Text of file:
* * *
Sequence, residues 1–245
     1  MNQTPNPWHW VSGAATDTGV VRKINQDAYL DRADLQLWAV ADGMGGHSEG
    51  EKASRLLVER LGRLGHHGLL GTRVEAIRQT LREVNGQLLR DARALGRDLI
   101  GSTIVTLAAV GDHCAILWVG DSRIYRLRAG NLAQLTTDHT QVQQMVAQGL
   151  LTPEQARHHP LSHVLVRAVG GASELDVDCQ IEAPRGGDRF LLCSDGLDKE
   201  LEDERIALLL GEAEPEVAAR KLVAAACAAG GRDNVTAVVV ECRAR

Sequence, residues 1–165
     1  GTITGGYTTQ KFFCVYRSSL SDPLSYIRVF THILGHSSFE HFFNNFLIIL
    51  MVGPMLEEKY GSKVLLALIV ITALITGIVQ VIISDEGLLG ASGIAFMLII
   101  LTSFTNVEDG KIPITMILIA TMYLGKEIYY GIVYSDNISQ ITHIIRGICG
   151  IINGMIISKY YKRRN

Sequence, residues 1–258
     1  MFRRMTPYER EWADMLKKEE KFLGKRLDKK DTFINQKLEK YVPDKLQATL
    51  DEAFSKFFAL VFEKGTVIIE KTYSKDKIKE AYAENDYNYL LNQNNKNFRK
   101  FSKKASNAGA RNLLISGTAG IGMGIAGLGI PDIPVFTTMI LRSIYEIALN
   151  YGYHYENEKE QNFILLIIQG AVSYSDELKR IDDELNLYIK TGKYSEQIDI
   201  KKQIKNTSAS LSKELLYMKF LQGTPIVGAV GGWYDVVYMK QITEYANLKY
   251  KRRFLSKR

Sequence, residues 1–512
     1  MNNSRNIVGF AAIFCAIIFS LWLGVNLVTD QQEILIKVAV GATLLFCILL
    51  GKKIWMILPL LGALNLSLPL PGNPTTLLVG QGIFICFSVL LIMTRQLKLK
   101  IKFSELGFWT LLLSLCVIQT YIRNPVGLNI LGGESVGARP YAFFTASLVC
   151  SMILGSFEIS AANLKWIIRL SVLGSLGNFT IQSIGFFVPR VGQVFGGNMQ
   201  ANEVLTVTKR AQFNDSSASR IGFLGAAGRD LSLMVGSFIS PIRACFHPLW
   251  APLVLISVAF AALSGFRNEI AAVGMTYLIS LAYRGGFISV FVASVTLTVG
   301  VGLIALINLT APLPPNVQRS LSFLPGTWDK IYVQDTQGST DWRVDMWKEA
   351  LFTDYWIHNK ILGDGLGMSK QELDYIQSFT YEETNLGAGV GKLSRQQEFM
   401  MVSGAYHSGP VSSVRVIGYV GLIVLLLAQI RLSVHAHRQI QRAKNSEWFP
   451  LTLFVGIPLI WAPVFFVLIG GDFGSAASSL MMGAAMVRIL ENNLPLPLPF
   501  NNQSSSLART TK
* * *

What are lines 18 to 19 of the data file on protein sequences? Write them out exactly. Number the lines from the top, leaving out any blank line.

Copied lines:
   251  KRRFLSKR

Sequence, residues 1–512